The 5th International Conference on Regional Climate

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The fifth international conference on regional climate (ICRC 2023), organised by World Climate Research Programme’s (WCRP) coordinated downscaling experiment (CORDEX), has just completed. It was a hybrid on-site/online conference with hubs in both Trieste/Italy (hosted by the International Centre on Theoretical Physics, ICTP) and Pune/India.

The hybrid set-up, with video links between the two hubs and digital attendence through zoom, was a change from previous ICRCs held in ICTP (2011), Brussels (2013), Stockholm (2016), and Beijing (2019). It worked impressively well, and the CORDEX ICRC 2023 streaming is available from the WCRP CORDEX YouTube channel.

It seems as an eternity since the previous ICRC before the COVID pandemic, so I was curious to see how things have progressed since then. It was also interesting to compare my impressions from this conference with my blog posts here on RealClimate from the first ICRC in Trieste, the second in Brussels, the third ICRC in Stockholm, I see that questions concerning uncertainty and added value are still being debated.

The 5th International Conference on Regional Climate
A panel discussion at the ICRC 2023 at ICTP

Developments within regional climate modelling

A new development, however, is the coupling of regional climate models (RCM), which traditionally have been limited to a volume of the atmosphere with some input from the surface. There were presentations on attempts to couple the RCMs to the sea, hydrology, and glaciers glacier. In this kind of coupling there is a mutual exchange of energy and mass, and hence involves a two-way interaction.

Another focus was on so-called “convective-permitting”, which are RCMs with higher spatial resolution (the size of grid boxes are a few kms) so that they explicitly can calculate convective processes, such as vertical ascent, cloud formation and precipitation. There is also work on RCMs so that they better account for aerosols and how they vary over time and space.

Artificial intelligence and machine learning

Since the previous ICRCs, artificial Intelligence (AI) has become a hotter topic, also within empirical-statistical downscaling (ESD). However, deep learning algorithms, such as artificial neural nets, were already discussed in 1999 (e.g. Zorita and von Storch, 1999), but the conclusion in 1999 was that the more advanced deep learning algorithms didn’t perform better than simpler methods such as analogs.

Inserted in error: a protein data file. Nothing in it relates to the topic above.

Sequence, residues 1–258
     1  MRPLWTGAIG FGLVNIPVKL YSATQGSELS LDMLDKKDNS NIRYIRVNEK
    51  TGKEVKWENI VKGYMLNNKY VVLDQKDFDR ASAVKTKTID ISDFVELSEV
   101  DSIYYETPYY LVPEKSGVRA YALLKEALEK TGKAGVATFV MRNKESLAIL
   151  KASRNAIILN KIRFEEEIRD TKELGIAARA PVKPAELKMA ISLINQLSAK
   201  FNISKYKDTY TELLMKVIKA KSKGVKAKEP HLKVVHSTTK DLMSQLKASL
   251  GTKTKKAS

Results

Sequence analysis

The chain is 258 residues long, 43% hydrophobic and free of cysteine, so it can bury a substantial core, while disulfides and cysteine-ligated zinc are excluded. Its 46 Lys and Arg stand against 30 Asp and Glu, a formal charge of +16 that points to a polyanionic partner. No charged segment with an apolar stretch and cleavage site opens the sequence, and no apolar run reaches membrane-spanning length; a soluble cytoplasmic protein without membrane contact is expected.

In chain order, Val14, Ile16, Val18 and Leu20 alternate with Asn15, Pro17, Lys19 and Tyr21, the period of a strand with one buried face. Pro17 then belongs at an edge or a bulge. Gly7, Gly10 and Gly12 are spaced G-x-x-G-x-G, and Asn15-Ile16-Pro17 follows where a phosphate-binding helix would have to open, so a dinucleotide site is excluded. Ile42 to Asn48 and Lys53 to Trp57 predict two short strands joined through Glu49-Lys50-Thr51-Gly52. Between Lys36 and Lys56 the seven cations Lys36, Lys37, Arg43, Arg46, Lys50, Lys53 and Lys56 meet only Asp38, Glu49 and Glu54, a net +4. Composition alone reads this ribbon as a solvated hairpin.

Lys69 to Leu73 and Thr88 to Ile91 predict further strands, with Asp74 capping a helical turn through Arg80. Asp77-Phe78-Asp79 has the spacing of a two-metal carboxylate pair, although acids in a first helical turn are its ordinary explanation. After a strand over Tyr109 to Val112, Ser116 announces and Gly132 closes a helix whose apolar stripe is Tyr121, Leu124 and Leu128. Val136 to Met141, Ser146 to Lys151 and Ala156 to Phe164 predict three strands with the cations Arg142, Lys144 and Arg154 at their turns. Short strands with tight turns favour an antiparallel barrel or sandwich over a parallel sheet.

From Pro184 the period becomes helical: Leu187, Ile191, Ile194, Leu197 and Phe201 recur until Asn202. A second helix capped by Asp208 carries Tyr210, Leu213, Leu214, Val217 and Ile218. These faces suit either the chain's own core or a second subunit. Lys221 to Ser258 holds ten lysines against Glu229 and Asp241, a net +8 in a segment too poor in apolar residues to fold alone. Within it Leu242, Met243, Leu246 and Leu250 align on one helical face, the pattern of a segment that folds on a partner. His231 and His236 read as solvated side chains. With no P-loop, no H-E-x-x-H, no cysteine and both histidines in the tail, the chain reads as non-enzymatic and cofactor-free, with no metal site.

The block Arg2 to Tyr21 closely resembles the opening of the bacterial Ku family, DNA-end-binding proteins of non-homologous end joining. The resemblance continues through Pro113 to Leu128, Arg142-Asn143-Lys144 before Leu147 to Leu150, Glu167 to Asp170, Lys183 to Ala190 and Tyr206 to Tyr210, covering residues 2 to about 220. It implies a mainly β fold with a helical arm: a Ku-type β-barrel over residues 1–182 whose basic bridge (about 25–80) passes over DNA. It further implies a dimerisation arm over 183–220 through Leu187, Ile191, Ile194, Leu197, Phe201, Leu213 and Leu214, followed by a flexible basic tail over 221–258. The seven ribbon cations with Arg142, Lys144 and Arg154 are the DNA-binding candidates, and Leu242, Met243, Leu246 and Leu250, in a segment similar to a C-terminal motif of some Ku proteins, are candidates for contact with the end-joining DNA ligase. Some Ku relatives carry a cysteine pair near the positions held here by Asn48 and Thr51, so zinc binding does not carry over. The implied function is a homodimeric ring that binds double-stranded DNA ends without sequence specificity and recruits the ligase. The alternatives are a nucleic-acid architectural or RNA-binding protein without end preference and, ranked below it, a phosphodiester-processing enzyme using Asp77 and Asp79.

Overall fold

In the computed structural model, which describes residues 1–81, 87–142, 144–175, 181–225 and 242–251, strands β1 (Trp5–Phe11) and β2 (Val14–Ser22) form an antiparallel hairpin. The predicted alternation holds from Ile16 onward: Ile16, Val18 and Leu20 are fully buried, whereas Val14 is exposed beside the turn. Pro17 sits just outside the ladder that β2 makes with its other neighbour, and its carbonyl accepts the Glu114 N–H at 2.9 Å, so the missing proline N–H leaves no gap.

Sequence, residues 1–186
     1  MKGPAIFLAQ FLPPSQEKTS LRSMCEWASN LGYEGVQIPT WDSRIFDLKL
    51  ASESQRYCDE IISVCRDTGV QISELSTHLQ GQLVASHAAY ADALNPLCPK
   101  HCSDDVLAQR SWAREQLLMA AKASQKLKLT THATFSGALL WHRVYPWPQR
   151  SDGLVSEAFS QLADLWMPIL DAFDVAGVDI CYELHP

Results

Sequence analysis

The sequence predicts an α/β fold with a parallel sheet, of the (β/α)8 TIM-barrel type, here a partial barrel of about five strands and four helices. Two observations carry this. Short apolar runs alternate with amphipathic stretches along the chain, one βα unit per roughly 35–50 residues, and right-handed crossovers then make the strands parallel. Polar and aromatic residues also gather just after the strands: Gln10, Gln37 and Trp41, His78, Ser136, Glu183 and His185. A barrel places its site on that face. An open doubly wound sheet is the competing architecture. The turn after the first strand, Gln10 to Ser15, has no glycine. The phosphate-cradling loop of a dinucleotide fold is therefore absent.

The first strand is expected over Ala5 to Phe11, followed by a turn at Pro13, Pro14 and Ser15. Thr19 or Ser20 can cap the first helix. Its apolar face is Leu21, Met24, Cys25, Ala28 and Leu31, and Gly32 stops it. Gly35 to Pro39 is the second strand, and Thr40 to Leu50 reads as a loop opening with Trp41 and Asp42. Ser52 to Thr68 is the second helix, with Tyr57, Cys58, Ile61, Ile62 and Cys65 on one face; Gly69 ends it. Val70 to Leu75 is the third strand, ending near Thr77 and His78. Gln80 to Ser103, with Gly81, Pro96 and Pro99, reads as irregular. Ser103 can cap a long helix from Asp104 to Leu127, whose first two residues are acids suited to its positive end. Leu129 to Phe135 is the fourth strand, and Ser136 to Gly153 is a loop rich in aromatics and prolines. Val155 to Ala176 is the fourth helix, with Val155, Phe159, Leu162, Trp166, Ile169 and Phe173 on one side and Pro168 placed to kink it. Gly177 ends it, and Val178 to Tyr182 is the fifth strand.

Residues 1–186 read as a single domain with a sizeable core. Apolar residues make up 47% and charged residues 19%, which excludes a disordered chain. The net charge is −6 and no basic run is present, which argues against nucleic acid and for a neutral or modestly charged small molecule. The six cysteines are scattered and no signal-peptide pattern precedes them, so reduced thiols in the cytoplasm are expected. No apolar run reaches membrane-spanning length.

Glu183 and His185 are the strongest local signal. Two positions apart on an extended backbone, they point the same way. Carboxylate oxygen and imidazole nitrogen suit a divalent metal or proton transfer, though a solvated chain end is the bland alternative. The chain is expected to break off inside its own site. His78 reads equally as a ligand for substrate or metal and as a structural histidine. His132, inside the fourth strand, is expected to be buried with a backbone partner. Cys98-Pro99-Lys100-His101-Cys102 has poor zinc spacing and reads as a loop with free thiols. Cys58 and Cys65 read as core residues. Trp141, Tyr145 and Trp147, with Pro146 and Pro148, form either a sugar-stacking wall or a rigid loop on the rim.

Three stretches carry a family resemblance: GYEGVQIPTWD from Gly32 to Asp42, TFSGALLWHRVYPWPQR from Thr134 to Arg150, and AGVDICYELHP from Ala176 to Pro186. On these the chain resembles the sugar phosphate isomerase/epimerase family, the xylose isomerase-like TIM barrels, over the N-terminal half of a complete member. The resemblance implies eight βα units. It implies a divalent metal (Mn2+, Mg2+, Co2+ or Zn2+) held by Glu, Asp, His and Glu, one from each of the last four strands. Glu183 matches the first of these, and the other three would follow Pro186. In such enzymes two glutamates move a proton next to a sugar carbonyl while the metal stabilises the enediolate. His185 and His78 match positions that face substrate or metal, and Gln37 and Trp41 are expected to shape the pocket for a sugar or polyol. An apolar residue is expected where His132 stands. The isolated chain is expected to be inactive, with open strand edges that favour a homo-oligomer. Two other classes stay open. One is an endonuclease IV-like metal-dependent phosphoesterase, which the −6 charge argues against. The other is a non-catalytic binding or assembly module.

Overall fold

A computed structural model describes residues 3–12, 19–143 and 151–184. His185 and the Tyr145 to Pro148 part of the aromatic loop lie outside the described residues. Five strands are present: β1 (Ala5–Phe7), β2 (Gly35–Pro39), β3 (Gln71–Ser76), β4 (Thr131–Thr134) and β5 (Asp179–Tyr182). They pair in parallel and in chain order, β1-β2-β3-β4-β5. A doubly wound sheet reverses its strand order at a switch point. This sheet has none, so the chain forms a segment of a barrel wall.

I’m still not convinced that AI and deep learning will take us much further now, even if the tests from a number of attempts may look impressive at first sight (how many trials have there been and how many of them failed?).

One problem is AI’s reliance on large data volumes. The data used to train AI often includes a range of different variables which may move in different directions in the future when the world heats up.

Another problem is that different global climate models (GCMs) have different biases and quirks, and that may cause problems when transferring AI trained on historical observations to the model world (or from one model to another).

Provision of climate information to society

One session was devoted to the interaction with society. To me, it seems that CORDEX is not yet ready to provide society with robust and actionable information, despite the initiative from the WCRP called regional information for society (RIfS).

RIfS has taken a long time since it was conceived in 2020 (my impression is that it’s still not ready). There is an urgency underscored by the numerous reports of weather-related calamities around the world – we are not even adapted to the current climate and a newsreport from Washington Post reveals that 2023 September month global mean temperature was probably about 1.7°C above the preindustrial level.

There is a WCRP Open Science Conference (OSC 2023) in Kigali October 23-27 where RIfS probably will be discussed further, but it’s not clear to me what it’s all about or who is involved. My impression is that the WCRP and RIfS have closer links to more academic university communities than for instance more applied and operational national meteorological services.

Many national meteorological services have already established routines and are experienced in providing regional weather and climate information to society.

For instance, the Norwegian Meteorological Institute collaborates with various institutions and authorities, such as the Norwegian Water Resources and Energy Directorate (NVE), the Norwegian Institute of Public Health (NIPH), the Norwegian Directorate for Civil Protection, power production (StatKraft) and grid (Statnett), road authorities, aviation, rail, and defense. Our experience is that relevant information flows quite well within such a professional network.

Climate services in Norway differ from weather forecasting as they aim at the municipalities and need to reach local engineers and policymakers. There are other hurdles that need to be overcome when establishing new routines compared to state authorities.

For instance, small municipalities typically lack resources, the know how and incentives. They often have set protocols and routines that are not designed to accommodate climate change adaptation.

Typical topics include water management and area planning. A unique approach in Norway is to channel climate information through the trade union for civil engineers, Tekna (which is both a professional society and a trade union), e.g. through professional courses.

The meteorological service also has some experience with impact studies and we have collaborated on e.g. toxicology (SETAC), health, biology, national heritage, indigenous people (reindeer herders), and disaster risk reduction (e.g. flooding, earth-slides). So even if the progress is slow with RIfS, there is plenty of activities on applied research relevant for society.